When we hear about the Internet of Things (IoT), the focus is primarily on consumer-centric products that are designed to work together in the home. But there is a significant segment of the IoT industry dedicated to improving retail operations for businesses. Given the undeniable struggles and subsequent downsizing that the brick-and-mortar retail industry has undergone lately, taking an IoT-centric approach could mean the difference between consistent sales and empty big box locations.
Here are a few benefits of integrating IoT solutions into retail applications:
- They can improve overall operational efficiency.
- They enhance customer experiences.
- They improve the supply chain and stock management.
But those improvements do not materialize overnight; they require a significant commitment. Here are eight IoT applications that are making retail operations more efficient right now:
1. Automating the Checkout Process
Have you ever been in a long line at a store and thought, “Wow, this is so much better than ordering a product online from my couch”? Exactly – nobody has ever said that. The rise of online retail has taken long-accepted inconveniences like in-store lines and made them liabilities for retailers.
In addition to customer inconvenience, long lines come with a business cost. The only way to deal with long check-out lines as of now is to pay employees to expedite the process, either by physically working registers or assisting with often-unreliable automated checkout stations.
By comparison, the IoT enables retailers to read the encoded tag information on items when customers leave the store. Instead of waiting in a long line, the cost is automatically deducted via a mobile payment app. McKinsey estimates automated checkout will reduce staff requirements by up to 75%, resulting in savings between $150 billion to $380 billion annually by 2025.
2. Sensa Networks Waste Management Products
Waste management is a serious expense for retail operations, especially when their merchandise shipments vary. Sensa Networks has provided retailers with a solution.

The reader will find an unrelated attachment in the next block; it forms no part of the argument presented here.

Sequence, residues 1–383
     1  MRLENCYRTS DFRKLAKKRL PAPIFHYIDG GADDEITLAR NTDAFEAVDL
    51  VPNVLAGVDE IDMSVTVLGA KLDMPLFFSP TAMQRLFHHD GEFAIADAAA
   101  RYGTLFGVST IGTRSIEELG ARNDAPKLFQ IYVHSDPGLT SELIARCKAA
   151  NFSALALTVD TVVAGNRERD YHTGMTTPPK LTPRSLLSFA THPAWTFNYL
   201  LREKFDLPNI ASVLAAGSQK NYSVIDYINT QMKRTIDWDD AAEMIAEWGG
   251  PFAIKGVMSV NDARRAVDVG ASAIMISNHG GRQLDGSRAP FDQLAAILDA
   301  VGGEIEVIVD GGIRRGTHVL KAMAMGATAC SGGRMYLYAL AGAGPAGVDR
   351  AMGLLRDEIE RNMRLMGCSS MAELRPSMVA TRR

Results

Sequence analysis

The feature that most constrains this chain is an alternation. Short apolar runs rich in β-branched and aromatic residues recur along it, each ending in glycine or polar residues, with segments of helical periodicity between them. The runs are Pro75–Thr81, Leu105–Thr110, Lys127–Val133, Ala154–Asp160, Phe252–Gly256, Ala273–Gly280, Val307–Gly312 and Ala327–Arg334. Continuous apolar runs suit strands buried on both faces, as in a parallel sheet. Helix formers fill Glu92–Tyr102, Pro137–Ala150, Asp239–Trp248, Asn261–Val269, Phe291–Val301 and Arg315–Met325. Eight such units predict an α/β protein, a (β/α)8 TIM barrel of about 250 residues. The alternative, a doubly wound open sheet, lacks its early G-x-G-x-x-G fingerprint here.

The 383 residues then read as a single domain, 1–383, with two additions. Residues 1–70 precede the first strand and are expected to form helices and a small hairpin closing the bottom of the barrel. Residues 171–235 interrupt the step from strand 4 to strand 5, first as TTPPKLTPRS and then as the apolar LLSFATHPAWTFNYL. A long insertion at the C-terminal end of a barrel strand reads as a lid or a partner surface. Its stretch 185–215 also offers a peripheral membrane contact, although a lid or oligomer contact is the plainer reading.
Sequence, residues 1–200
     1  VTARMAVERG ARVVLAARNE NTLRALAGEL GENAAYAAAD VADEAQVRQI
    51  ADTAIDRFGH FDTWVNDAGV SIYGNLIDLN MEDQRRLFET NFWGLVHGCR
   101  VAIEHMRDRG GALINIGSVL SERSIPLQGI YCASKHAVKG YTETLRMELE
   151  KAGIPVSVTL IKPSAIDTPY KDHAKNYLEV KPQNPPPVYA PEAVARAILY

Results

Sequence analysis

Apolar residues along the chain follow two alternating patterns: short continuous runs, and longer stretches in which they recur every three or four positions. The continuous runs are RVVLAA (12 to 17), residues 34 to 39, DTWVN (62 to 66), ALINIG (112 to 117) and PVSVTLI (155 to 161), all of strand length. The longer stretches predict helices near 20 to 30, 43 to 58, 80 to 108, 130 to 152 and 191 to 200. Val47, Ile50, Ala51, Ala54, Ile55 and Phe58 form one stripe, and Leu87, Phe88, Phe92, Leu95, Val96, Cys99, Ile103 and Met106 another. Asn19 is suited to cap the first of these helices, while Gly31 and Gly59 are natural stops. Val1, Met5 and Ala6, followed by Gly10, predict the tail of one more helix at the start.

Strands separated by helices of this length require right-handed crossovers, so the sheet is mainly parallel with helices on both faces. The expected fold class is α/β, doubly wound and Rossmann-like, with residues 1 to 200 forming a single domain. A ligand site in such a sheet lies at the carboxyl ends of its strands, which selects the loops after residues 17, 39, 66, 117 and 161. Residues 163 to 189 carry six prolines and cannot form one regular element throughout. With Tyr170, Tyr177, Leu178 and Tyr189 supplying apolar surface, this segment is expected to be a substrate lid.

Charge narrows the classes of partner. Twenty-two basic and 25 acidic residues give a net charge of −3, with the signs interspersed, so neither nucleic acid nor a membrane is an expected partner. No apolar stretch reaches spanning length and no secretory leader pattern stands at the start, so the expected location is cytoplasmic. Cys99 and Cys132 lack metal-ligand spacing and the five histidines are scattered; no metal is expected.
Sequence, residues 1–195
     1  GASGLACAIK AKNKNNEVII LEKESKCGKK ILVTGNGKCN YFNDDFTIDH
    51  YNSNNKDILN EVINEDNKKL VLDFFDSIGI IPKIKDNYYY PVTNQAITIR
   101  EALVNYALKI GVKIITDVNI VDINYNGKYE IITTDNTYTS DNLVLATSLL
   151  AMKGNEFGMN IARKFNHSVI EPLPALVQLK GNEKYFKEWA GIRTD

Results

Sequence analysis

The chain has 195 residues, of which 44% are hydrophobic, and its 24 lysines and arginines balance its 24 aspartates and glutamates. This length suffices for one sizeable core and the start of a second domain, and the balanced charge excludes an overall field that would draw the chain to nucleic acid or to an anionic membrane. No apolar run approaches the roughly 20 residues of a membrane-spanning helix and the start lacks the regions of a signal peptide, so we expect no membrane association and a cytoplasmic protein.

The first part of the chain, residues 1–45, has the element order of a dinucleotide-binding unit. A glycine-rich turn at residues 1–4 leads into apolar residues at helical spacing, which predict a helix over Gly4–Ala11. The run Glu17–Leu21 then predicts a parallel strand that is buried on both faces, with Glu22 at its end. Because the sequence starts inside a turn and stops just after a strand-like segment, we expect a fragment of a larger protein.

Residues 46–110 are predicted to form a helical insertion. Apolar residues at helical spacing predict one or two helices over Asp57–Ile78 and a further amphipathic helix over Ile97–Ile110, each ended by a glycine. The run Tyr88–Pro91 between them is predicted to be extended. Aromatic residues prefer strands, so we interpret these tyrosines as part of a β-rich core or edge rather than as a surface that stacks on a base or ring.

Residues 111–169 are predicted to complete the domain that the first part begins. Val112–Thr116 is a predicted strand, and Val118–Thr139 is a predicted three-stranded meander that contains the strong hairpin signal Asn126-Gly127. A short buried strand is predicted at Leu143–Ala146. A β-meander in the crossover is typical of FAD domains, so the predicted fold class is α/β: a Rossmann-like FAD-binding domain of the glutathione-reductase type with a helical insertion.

Based on its comprehensive Internet of Things Retail Case Study, Sensa developed strategies designed to cut down on retail waste management inefficiencies. Sensa uses machine-to-machine wireless communications to provide data on bin volume, allowing for the automation and optimization of waste management operations. These improvements lead to lower fuel costs, reduced wear and tear on equipment, and a higher operational capacity that allows for increased productivity.
From a management perspective, the IoT allows for an innovative web-based remote monitoring platform which is accessible by multiple stakeholders throughout your organization. Additionally, all data is available in real-time and is accessible 24/7.
3. Cutting Down on Shoplifting
Preventing shoplifting is a constant concern for any retail operation. The generally accepted method of combating illegal behavior is a combination of in-store staffing and electronic monitoring, neither of which is cheap. But there are ways the IoT can help detect and deter potential theft.
By fitting shelves and displays with weight sensors and using RFID tags and readers to scan the products, retail managers can keep track of when specific products leave the shelves in real time. These tags and sensors are especially useful for smaller, high-value items that are perpetual targets for shoppers with sticky hands. Because each RFID tag connects to a reader, retailers can detect in-store theft without the cost of security employees and cameras.
4. Hyper-personalizing the Customer Experience